Spike Lee Recalls ‘God’s Heavenly Light’ Shining On Chadwick Boseman In His Final Film: We Didn’t Have Light – It Was God Sending Heavenly Light On Him
In a new interview, Spike Lee is opening up about his time on set working with the late Chadwick Boseman on “Da 5 Bloods.” The film tells the story of four black war veterans who returned to Vietnam to look for their fallen squad leader and the gold he helped them hide. It was released on Netflix on June 12, 2020, and is one of Chadwick Boseman’s last roles movies before he died over the summer.
“I didn’t know Chad was sick.”
Adding that the movie was shot in poor air pollution and 100 degree weather in Thailand, he explains:
“He did not look well, but my mind never took that he had cancer. It was a very strenuous shoot. I mean, we all didn’t get to Vietnam until the end of the movie at Ho Chi Minh City. But that other stuff, the jungle stuff, was shot in Thailand. It was 100 degrees every day. It was also at that time the worst air pollution in the world.”
Spike says that he respects Chadwick Boseman for not revealing to him that he had cancer, and that had he known he would have taken it easier on him,
“I understand why Chadwick didn’t tell me because he didn’t want me to take it easy. If I had known, I wouldn’t have made him do the stuff. And I respect him for that.”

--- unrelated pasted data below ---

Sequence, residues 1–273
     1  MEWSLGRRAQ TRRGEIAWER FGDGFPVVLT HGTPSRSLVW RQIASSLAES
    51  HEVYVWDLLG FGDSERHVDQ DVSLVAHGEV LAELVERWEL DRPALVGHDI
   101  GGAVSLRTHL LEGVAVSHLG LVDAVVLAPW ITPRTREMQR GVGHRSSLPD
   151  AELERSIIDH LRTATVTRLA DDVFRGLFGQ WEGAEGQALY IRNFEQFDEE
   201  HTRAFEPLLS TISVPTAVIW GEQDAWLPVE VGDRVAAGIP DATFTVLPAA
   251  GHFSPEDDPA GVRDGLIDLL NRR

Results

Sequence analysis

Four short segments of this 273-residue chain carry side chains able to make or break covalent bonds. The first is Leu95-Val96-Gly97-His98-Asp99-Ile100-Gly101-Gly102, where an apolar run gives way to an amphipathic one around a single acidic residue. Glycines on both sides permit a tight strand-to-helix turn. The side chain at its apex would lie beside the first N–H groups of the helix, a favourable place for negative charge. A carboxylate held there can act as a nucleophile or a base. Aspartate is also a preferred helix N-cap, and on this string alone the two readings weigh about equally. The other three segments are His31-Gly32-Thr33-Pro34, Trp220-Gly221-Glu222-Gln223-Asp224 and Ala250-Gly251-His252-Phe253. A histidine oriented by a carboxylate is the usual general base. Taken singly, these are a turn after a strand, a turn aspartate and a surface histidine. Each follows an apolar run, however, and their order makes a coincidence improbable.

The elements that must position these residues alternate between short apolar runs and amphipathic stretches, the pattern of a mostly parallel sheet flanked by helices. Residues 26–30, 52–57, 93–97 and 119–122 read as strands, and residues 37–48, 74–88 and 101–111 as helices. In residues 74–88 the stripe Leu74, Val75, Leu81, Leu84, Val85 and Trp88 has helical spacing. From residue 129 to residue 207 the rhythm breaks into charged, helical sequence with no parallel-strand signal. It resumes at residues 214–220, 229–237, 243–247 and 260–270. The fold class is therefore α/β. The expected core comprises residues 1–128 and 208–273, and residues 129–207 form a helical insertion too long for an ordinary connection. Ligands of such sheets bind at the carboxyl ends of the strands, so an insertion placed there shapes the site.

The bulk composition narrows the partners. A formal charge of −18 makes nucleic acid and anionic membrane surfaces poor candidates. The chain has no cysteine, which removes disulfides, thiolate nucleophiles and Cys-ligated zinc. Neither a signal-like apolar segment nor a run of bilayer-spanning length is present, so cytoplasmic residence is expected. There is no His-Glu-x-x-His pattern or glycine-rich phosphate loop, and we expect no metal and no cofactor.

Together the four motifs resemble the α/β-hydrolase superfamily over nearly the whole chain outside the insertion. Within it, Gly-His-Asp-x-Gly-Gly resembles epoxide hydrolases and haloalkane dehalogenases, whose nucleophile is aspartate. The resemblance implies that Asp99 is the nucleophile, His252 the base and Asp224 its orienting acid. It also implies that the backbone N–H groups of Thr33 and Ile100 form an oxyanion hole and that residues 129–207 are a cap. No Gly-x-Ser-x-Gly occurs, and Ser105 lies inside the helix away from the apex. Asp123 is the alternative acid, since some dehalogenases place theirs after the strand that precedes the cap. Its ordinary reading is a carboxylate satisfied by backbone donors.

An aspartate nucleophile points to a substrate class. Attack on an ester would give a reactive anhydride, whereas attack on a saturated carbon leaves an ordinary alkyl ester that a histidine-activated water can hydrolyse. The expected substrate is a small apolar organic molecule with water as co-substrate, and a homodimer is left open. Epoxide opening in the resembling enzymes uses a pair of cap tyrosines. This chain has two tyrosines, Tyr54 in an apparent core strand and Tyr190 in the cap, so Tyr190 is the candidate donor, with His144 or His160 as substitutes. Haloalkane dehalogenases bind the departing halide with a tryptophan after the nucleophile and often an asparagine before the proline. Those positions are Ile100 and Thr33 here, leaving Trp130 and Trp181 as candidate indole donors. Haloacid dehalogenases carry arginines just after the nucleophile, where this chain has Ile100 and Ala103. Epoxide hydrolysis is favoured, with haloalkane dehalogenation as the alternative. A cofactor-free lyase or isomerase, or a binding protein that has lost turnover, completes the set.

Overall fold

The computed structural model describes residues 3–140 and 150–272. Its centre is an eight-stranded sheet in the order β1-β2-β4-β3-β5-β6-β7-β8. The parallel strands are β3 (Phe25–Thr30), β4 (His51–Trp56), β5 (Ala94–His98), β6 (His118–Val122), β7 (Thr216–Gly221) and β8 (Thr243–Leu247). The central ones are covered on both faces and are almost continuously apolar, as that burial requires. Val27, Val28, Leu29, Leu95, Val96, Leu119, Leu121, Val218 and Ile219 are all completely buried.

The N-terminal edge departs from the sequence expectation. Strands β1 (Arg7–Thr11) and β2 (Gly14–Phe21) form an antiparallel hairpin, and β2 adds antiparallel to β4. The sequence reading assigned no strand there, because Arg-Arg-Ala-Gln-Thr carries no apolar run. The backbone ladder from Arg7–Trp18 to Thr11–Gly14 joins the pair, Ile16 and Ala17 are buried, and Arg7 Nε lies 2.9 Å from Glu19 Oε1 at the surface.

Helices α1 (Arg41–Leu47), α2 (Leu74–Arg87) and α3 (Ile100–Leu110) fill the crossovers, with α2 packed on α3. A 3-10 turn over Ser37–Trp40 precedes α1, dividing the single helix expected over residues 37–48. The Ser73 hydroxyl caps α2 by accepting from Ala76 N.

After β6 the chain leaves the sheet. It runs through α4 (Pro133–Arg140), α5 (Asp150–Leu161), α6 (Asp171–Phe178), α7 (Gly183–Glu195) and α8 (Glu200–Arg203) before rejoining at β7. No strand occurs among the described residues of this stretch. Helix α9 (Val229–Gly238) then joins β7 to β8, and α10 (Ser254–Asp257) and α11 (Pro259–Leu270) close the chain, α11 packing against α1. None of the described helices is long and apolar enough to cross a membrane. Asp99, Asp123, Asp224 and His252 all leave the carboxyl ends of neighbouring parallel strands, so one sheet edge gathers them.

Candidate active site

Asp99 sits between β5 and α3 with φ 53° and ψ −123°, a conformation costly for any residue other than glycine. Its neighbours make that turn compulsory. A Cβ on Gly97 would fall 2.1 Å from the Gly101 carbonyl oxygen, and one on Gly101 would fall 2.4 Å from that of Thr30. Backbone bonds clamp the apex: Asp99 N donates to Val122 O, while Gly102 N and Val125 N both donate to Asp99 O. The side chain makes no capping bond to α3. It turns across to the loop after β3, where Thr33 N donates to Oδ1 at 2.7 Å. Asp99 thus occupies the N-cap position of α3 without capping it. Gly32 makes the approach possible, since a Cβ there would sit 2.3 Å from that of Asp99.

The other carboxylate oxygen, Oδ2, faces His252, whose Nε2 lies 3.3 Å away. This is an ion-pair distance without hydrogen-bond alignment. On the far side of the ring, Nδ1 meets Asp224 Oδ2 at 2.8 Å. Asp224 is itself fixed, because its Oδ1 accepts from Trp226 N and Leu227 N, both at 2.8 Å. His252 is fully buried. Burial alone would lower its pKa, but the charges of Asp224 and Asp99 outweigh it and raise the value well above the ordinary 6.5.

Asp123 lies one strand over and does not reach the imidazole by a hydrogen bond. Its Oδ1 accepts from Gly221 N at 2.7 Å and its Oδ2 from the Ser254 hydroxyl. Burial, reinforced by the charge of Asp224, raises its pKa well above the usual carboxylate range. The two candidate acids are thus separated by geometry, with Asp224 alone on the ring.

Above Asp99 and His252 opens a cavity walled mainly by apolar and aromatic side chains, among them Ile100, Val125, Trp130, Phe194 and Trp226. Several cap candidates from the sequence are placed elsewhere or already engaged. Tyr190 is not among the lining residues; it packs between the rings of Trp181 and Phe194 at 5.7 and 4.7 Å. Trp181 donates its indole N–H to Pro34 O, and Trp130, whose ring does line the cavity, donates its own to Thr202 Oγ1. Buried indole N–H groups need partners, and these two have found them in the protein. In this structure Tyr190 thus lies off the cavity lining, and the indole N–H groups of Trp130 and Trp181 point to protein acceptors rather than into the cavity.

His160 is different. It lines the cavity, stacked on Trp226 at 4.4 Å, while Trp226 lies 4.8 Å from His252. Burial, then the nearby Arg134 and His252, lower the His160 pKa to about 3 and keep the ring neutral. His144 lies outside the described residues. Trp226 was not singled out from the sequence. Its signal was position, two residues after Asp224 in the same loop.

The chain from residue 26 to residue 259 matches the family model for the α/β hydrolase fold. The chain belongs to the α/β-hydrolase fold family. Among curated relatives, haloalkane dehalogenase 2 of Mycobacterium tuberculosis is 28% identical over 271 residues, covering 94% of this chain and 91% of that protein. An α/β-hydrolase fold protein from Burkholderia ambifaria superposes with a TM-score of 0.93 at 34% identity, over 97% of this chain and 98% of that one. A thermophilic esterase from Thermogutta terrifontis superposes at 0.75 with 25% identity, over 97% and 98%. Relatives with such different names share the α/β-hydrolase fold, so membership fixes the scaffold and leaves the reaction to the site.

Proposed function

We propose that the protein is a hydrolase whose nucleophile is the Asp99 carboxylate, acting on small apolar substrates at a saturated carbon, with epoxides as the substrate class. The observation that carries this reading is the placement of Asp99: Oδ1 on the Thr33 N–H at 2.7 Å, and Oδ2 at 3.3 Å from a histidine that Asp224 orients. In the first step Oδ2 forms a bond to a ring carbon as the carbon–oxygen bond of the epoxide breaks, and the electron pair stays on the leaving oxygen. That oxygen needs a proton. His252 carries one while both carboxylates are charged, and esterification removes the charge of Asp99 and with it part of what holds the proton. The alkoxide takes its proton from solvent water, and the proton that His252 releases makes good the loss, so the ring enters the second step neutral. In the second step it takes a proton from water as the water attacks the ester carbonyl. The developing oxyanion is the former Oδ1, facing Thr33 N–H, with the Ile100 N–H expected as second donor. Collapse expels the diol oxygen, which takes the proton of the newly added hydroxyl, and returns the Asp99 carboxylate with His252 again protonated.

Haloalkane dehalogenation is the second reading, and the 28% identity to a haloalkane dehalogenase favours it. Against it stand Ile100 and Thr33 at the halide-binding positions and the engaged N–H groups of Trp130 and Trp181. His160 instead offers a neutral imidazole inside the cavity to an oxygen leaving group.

Spike Lee says that he recently re-watched “Da 5 Bloods” and saw Chadwick Boseman’s role in a different way.
He recalls a scene where his character “Stormin’” Norman Earl Holloway, is standing where natural light is beaming on him, but the scene was not lit. Spike Lee says it was ‘God’s Heavenly Light.’
“I felt it when we shot it, it was God’s heavenly light. We didn’t have light. You know, Delroy [Lindo] is talking to the camera, talking about his conversation with God? We go up, and we come down and we find this heavenly light. It’s Chadwick standing in that light, in that pose. That was God up there. I don’t care what nobody says. That was God’s heavenly light, because that scene’s not lit. That’s natural light. And that was God sending heavenly light on Chadwick.”
Spike Lee added:
“There’s a line in the movie where Clarke [Peters] says he’s the best damn soldier ever. And Chadwick was — is — a soldier. This is conjecture: There’s a possibility he thought this might be his last film. And God gave him one more with ‘Ma Rainey’s Black Bottom.’ But now looking at that, he was playing it. Stormin’ Norman says, ‘If I have to go out, I’m going gangbusters.’ And that’s what he did.”
Chadwick Boseman died at his home in Los Angeles on August 28th, with his wife and family by his side, after a 4 year battle with colon cancer. His family said in a statement:
“A true fighter, Chadwick persevered through it all, and brought you many of the films you have come to love so much. From Marshall to Da 5 Bloods, August Wilson’s Ma Rainey’s Black Bottom and several more- all were filmed during and between countless surgeries and chemotherapy. It was the honor of his career to bring King T’Challa to life in Black Panther.”
What are your thoughts on Spike Lee seeing ‘God’s Heavenly Light’ shine on Chadwick Boseman? Tell us in the comments!